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FDP Forum / Home Recording Forum / Full 'surround' reverb?

mroulier
Contributing Member
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Suburban MD.

You DESERVE an Ibanez Iceman!
Mar 25th, 2018 05:45 AM   Edit   Profile   Print Topic   Search Topic

Before I spend hours playing in Audacity, I wondered if anybody had a quick explanation for how to get a full 'all the way across both ears' reverb for vocals.
Do I need to duplicate the track, add reverb and minimize the original signal? And push it to the left, then repeat for the right?
Or is there a better way?

Bruce's "I'm on Fire" is a good example.

I'm on Fire

littleuch
Contributing Member
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Florida

pronounced "Klinkhammer" in French
Mar 25th, 2018 06:53 AM   Edit   Profile   Print Topic   Search Topic

I've only just recently (like a couple days ago) downloaded Audacity (mainly to use for post mix analytics, editing, mp3 ripping, etc). I don't know it's capabilities other than I see it can import most of the plugins I use in Pro Tools.

There really is no one way to achieve the sound and often the pursuit of one cool sound leads to the discovery of another. The Bruce track has a lot of reverb, so whatever your approach the mix between dry signal and wet will have a judicious of the latter. In application I buss out a mono signal from my vocal track into a stereo reverb buss. Applying a stereo width plug like bx solo can get it even bigger.

Maybe someone with more familiarity with Audacity can chime in.

(edited to add)

I always mix with effects running real time (as opposed to printing them to a track), but that doesn't mean it can't/shouldn't be done. You could try 2 reverbs panned full left/right and add a different pre-delay on one, or even drag the track x-milliseconds on the time line for a more dramatic effect. You could also use a blend of reverb and delay. One thing I have done lately is to eq the reverb signal with the low end and high end rolled off. It gives you a lot more definition between signal and effect.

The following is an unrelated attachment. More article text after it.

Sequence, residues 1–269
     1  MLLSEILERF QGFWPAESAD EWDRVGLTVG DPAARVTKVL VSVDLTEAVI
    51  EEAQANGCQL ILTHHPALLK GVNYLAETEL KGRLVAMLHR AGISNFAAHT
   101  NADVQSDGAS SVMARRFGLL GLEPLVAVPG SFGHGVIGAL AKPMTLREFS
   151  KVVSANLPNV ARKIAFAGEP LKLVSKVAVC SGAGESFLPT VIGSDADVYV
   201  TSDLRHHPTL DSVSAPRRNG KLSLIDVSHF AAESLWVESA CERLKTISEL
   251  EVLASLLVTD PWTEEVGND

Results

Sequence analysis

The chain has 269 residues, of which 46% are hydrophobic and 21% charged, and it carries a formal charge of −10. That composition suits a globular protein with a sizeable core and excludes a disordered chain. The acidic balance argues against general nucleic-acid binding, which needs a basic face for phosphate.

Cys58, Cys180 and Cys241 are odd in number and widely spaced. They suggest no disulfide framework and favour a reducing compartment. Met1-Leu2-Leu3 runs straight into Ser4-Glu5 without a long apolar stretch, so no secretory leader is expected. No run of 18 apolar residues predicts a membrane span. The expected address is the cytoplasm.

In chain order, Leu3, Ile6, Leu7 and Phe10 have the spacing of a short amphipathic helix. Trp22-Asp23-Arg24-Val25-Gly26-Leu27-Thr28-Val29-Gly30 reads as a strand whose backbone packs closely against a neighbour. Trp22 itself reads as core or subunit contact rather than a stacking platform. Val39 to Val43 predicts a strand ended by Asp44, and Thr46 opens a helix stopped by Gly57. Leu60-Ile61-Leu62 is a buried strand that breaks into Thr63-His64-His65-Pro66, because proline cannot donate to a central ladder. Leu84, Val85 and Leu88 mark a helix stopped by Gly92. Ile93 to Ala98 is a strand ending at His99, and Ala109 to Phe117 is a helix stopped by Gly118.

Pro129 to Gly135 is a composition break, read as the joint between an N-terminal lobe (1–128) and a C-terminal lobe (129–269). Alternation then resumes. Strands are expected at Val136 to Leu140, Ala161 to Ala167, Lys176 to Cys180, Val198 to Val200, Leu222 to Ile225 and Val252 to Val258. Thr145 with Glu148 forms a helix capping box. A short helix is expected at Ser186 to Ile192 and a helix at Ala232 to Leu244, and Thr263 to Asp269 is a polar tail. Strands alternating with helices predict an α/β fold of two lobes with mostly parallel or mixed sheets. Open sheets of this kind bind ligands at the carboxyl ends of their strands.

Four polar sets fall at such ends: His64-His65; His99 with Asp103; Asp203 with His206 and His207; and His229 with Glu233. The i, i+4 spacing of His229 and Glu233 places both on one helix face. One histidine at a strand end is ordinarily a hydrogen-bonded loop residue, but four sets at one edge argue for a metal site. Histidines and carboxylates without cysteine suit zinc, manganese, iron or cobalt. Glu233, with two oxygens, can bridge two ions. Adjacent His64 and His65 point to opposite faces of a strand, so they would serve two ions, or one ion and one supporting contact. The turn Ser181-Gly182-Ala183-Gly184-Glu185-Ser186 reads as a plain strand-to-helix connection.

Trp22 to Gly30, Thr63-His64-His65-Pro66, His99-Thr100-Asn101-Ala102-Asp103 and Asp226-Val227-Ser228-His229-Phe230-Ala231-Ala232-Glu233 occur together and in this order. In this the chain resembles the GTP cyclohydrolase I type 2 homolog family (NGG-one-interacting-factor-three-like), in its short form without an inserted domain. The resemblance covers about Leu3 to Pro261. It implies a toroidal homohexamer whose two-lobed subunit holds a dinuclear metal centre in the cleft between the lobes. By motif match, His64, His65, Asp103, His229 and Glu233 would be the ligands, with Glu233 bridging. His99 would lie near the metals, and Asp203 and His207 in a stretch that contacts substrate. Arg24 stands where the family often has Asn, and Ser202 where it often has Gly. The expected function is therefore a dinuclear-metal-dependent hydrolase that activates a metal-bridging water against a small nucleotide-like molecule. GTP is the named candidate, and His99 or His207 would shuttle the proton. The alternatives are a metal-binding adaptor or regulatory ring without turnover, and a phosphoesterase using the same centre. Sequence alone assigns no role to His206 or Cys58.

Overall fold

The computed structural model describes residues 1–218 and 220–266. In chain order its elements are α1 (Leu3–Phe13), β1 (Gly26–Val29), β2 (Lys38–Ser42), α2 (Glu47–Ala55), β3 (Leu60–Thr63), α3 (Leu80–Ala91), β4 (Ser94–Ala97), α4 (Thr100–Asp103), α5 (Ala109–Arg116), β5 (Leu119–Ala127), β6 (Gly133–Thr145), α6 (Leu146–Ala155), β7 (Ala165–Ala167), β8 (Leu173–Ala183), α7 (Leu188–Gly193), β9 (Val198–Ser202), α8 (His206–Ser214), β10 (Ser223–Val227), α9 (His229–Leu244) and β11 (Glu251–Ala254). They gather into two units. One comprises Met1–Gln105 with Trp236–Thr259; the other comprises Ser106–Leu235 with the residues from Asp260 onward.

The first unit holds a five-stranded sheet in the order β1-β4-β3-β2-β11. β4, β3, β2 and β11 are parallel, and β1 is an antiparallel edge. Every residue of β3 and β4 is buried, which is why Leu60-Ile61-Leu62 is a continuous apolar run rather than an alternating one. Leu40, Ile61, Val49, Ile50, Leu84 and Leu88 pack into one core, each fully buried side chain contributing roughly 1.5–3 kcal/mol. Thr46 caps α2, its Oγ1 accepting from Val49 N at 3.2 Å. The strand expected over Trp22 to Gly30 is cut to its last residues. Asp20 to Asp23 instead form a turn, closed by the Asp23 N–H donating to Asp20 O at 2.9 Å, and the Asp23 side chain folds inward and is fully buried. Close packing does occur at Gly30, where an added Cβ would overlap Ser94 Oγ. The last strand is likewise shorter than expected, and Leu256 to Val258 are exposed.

Abbey Road reverb tutorial Youtube

(This message was last edited by littleuch at 09:24 AM, Mar 25th, 2018)

reverendrob
FDP Data Goon
Moderator

We all want

our time in hell
Mar 25th, 2018 12:04 PM   Edit   Profile   Print Topic   Search Topic

Sounds like a pretty standard plateish verb run straight up the middle.

The stereo movement is the instrumental panning.

Achase4u

U.S. - Virginia

Mar 29th, 2018 01:16 PM   Edit   Profile   Print Topic   Search Topic

Yea it's a bit hard to tell. Sometimes in the days of old they would have three plates and pan one left, right and center. You could get some stereo this way. But Rev could be right about what you are hearing.

Fortunately in plugin world, most plate plugins are actually stereo in one instance so you get width.

Cal-Woody

USA/California

Why do I keep fixing things that work?
Apr 4th, 2018 04:25 PM   Edit   Profile   Print Topic   Search Topic

Roland used to have a rack unit that did a 3D reverb.
I think it was something like the R700 or like that.
They weren't cheap and were studio grade effects.
Like I said, I'm not sure of the model number but that unit was amazing and was very sought after.
You could control each field of sound and its presence and was used a lot for recording and live applications.
See if you can locate one and check the specs out.

FDP Forum / Home Recording Forum / Full 'surround' reverb?




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